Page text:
I’ve already answered several of the August Conversations Under the Oaks questions, either in the usual Q&A format, or in their own post. I’ve got two more that will require their own post, but now I want to address the questions that didn’t fit in with any larger theme.
As always, I’m including names only where I have explicit permission, and I’m editing the questions for brevity.
The Christian view is that their God created all that is and ever was. If so, it follows that “he” also created the other Gods. Why would he create the other Gods, if only to admonish his followers to ignore them?
This is a very good question, but one that Pagans should take great care how they answer. It is grounded in a literal reading of the Old Testament, which says their God created everything. It mentions other Gods and it tells its followers to put their God first. If you accept their narrative, then you find yourself asking this question.
The key to answering this question is to reject that narrative – don’t read the Old Testament literally.
The people who wrote Genesis (there were four authors, not one) lived in a society where polytheism was at least as predominant as monotheism is in the modern West. So of course they mentioned other Gods – how could they not? The two creation stories in Genesis are the creation stories of those writers’ people, just as the Norse and the Egyptians and most other peoples have their own creation stories.
The idea that the creator God of Genesis was the only God didn’t come until long after these stories had been written down. And by that time it was too late to go back and remove all those other Gods. Jews mostly don’t worry about it – they focus on honoring their God and minding their own business. Christians who claim their religion is for everyone have to jump through all kinds of theological hoops to explain this discrepancy.
As Pagans, we can accept the simple historical answer: the Bible is a collection of many stories from many authors and they don’t always line up.
And then we can get back to worshipping our own Gods.
I have, distinctly and with clear intent, received warnings from time to time. They come in differing forms, sometimes a realization, at other times a tidal wave of emotional response to a seemingly insignificant trigger, startling awake from a deep sleep upon hearing a demand from someone who isn’t there, and so on. I have no clear approach to responding to this and wish to move forward with intent. What do you suggest?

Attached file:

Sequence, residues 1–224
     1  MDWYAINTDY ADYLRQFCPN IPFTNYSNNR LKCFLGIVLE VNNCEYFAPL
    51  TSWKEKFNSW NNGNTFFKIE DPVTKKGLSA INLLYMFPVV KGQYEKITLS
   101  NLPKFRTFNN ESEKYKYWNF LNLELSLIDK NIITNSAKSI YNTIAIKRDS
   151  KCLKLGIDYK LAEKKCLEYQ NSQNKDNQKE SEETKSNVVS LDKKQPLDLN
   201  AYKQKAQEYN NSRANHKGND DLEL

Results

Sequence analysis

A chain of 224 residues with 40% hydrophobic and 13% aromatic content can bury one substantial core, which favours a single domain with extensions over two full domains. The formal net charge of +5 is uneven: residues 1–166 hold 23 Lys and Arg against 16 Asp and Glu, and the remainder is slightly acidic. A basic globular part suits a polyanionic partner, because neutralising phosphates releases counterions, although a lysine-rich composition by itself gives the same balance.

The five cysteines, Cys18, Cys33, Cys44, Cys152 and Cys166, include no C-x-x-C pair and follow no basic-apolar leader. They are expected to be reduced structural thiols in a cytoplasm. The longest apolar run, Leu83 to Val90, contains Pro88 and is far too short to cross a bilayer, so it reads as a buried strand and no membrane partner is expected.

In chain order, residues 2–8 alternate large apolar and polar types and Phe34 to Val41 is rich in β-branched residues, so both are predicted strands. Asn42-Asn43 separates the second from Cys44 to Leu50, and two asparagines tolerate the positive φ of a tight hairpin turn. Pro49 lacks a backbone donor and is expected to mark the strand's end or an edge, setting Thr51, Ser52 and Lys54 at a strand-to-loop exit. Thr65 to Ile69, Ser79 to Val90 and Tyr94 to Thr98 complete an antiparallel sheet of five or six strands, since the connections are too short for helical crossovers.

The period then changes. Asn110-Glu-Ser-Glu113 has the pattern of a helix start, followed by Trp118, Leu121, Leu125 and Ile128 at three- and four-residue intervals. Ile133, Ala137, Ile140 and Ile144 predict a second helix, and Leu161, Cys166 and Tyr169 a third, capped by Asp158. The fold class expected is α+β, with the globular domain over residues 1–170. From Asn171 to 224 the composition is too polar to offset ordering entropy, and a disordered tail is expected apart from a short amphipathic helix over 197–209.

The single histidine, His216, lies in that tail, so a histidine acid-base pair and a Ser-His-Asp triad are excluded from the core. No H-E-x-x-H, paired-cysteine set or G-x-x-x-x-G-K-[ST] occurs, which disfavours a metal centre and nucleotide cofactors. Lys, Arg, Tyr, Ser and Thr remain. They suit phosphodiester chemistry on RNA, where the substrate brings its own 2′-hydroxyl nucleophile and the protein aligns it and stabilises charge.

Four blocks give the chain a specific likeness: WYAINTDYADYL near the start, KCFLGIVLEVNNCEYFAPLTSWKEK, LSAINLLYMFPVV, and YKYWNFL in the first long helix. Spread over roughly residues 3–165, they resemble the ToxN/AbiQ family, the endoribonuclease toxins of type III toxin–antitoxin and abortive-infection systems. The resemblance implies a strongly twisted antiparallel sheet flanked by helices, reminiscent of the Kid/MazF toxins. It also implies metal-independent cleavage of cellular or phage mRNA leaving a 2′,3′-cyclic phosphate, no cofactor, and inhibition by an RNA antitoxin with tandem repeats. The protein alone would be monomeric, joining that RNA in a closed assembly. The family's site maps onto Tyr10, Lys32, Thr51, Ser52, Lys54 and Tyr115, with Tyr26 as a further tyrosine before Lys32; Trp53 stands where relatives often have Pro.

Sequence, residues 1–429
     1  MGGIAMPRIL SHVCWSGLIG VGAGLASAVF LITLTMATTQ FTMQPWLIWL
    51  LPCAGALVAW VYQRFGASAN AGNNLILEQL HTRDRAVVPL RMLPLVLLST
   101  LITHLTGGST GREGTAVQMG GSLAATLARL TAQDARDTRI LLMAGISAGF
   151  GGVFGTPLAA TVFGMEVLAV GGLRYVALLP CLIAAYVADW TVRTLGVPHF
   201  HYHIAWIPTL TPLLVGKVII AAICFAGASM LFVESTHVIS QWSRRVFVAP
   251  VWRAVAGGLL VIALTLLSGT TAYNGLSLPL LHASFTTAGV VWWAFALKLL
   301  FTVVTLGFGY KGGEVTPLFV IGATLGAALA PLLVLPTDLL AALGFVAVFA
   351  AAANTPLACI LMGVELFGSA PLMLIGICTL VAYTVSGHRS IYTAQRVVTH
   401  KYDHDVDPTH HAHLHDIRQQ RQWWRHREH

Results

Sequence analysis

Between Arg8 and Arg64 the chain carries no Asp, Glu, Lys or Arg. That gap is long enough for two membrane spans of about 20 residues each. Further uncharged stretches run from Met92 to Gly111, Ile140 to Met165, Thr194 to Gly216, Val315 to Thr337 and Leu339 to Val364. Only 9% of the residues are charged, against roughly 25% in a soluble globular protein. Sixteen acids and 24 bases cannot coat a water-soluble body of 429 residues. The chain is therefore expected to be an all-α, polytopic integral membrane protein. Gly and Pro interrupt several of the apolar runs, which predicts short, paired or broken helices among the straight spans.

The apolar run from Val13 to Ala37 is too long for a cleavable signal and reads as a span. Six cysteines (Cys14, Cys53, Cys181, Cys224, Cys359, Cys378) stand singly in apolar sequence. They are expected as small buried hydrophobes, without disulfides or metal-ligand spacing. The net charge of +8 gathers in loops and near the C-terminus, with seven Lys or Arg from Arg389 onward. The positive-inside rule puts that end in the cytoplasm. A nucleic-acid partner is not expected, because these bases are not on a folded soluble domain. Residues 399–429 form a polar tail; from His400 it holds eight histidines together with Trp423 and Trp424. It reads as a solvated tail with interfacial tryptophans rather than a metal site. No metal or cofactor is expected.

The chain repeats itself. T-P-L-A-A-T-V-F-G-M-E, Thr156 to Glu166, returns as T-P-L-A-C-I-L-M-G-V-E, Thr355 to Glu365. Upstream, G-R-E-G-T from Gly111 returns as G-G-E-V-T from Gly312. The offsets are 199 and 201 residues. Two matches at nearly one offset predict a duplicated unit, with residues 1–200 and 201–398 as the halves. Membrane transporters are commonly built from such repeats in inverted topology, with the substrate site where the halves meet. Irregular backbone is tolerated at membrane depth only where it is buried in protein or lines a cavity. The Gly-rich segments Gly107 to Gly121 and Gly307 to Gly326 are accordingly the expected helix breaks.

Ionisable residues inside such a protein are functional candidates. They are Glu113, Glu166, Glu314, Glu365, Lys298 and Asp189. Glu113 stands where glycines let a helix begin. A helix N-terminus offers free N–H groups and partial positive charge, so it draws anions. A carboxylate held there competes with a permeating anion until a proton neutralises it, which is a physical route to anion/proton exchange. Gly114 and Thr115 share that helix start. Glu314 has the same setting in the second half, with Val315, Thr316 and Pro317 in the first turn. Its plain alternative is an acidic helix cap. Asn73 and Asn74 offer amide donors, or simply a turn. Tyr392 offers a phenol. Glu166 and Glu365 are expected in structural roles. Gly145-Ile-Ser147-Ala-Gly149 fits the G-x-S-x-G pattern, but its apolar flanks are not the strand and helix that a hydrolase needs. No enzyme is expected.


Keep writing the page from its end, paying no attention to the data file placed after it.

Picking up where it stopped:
First, pay attention to what you hear and see and feel. Write it down as soon after it’s over as you can, before your memories start to fade. What you experience is real. What it means is subject to interpretation.
The first question I’d ask is where these warnings are coming from. From a God or a spirit? From your unconscious mind? From sources unknown? If your answer doesn’t seem to fit, challenge your foundational assumptions about what is and isn’t possible (to be clear, I don’t know what your particular foundational assumptions are, so I’m not criticizing them).
Are they all related? Do they all come from the same source? If you’re hearing from the Morrigan, Hermes, and your great great grandfather, you may be hearing multiple unrelated messages. Don’t assume they’re all about the same thing.
If they’re coming from different sources (or if they’re not) do you trust them all? Gods are virtuous, but less-than-divine spirits may not be. And just because your great great grandfather is dead doesn’t mean he knows everything. Ancestral spirits often still have the same weaknesses and blind spots they had in life.
What do they mean? What are they talking about? What are they asking you to do? Divination is helpful here, particularly the Tarot, with its deep imagery. So is meditation. I find walking meditation to be an excellent way to sort through these things.
Finally, how do you want to respond? Spirits can be very helpful, and I’m happy to be in service to several Gods, but ultimately this is your life. Make your own decisions, based on your values.
Good luck. If you’d like to discuss this in more detail, I’m available for private consultation.
My grandmother, mother, and I carry the same middle name. The name was taken from a family friend. While this individual is not part of my DNA, I wonder if the name itself carries a certain ancestry with it?
There is power in a name. Your name – be it a family name, a given name, or a nickname – ties you to every person who’s ever had that name. My parents named me after the apostle John, but I was born during the presidency of John F. Kennedy – I have strong connections to both of them. I have lesser connections to all the other Johns, living and dead.